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Fridays for future

Fridays for future

KÆLTIA’s Team in its aim to contribute with the global awareness of the Climate Change, summarise below some critical news:

  • Global agriculture both is one of the major drivers of climate change and strongly affected by it. Rising temperatures are among the main reasons for yield reductions. Therefore, the agricultural sector is faced with the major challenge of adapting to climate change in order to ensure food security in the future. According to a new study carried out by international researchers, the use of locally adapted cultivars can significantly contribute to achieve this goal. The study was led by LMU geographer Dr. Florian Zabel.
  • The Arctic is losing ice as global temperatures rise, and that is directly affecting lives and triggering feedback loops that fuel more warming. But the big wild card for sea level rise is Antarctica. It holds enough land ice to raise global sea levels by more than 200 feet (60 meters) – roughly 10 times the amount in the Greenland ice sheet—and we’re already seeing signs of trouble. Scientists have long known that the Antarctic ice sheet has physical tipping points, beyond which ice loss can accelerate out of control. The new study, published in the journal Nature, finds that the Antarctica ice sheet could reach a critical tipping point in a few decades.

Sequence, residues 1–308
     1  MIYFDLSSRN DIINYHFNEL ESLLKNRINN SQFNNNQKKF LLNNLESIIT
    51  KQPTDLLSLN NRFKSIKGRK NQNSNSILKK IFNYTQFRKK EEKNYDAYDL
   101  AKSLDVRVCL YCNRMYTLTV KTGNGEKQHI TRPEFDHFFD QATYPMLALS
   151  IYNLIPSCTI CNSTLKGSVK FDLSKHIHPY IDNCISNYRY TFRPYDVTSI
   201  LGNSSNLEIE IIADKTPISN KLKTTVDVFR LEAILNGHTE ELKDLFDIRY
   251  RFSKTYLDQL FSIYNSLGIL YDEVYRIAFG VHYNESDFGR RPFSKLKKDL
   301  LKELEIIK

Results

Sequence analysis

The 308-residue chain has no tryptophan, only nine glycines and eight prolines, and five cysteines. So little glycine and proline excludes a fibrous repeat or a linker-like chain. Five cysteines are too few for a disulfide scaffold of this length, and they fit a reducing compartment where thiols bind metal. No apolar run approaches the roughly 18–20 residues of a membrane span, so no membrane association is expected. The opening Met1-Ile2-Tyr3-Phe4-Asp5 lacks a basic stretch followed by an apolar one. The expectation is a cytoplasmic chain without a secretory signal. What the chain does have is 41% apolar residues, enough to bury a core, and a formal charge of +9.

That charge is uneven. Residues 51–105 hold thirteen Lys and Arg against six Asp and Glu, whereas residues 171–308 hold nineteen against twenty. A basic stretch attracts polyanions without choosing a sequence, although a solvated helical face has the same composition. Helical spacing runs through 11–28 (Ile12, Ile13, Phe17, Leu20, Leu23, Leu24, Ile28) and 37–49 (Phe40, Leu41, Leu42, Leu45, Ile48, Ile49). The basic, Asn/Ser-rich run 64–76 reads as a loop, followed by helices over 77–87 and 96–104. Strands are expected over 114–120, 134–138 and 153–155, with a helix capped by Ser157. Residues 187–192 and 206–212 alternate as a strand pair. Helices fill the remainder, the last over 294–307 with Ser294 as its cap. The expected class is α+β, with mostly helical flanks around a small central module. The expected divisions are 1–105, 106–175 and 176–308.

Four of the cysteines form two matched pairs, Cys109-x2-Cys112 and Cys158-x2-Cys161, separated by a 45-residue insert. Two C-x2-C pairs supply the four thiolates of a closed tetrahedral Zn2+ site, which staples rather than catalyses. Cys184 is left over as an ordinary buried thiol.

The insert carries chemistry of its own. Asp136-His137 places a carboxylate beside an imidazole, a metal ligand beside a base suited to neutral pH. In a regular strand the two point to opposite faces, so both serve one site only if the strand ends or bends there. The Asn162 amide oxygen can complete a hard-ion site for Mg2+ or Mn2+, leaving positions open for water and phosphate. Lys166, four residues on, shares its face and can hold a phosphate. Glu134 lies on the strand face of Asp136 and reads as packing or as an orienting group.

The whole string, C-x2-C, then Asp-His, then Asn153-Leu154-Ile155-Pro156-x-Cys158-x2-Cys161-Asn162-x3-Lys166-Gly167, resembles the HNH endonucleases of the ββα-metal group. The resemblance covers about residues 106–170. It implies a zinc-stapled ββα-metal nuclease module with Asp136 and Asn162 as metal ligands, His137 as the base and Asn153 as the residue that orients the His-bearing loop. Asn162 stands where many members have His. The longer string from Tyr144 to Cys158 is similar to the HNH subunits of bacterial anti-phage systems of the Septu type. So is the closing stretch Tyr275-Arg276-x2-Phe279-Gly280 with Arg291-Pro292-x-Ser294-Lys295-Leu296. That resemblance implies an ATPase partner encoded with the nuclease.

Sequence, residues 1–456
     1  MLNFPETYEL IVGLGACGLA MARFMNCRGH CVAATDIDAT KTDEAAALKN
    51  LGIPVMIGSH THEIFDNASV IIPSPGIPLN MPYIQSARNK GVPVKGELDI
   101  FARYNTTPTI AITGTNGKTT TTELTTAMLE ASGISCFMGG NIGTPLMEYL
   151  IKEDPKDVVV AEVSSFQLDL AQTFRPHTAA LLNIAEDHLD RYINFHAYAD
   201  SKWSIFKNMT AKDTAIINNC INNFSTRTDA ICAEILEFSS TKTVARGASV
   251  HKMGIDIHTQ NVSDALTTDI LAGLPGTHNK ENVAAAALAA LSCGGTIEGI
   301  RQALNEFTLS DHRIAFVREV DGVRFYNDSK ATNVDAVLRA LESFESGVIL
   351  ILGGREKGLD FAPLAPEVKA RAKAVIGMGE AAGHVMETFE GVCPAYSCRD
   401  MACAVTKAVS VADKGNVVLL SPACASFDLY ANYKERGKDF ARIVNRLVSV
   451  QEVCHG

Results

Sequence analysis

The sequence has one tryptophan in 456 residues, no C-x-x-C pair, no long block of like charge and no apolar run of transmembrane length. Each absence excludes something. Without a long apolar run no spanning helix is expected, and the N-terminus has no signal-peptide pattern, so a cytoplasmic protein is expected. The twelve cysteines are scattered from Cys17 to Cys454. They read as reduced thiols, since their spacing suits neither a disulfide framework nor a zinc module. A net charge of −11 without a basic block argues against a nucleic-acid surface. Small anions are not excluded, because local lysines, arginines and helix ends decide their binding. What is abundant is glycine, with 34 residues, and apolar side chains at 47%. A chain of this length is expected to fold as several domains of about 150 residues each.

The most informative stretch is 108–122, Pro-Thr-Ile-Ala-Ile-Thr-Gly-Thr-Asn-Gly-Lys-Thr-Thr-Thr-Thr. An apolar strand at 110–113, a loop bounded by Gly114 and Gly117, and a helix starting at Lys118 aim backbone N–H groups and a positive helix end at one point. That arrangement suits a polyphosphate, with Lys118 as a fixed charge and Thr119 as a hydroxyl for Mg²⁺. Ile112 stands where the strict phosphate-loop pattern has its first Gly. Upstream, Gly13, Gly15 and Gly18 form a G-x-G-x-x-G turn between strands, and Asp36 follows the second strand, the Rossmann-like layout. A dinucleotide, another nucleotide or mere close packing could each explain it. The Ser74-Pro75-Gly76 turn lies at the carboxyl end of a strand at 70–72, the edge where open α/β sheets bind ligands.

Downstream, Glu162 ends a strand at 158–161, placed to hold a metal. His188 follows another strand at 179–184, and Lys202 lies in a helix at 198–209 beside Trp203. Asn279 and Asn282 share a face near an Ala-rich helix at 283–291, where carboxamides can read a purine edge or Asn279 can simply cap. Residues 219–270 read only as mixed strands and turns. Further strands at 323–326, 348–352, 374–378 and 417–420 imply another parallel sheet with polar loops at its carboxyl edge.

• Optimistic predictions expect reliable autonomous vehicles to be commercially available by 2030. New research shows that the convenience of autonomous vehicles would likely come at an environmental cost. Autonomous vehicles are expected to offer significant benefits in terms of transport operations, safety and accessibility; however, these benefits may mask potential environmental impacts: energy consumption, greenhouse gas emissions, particulates, and pollutants. To offset the environmental impacts of autonomous vehicles, the researchers from the University of Wisconsin-Madison considered the use of electric autonomous vehicles, considering the use phase only.
  • Since it was first signed more than five years ago, the Paris Agreement has set the bar for the global effort to reduce greenhouse gas emissions, with more than 70 countries taking on ambitious nationally determined contributions that exceed initial commitments laid out in the agreement. However, a new paper released today in Proceedings of the National Academy of Sciences argues that the carbon budget these commitments are based on does not take into account the latest science on Arctic feedback loops, and calls for global leaders to rethink emissions goals.
  • Data from the Jakobshavn drainage basin of the Central-Western Greenland ice sheet reveals that the distinct mark of this part of the ice sheet has reached a tipping point.

Via Earth News

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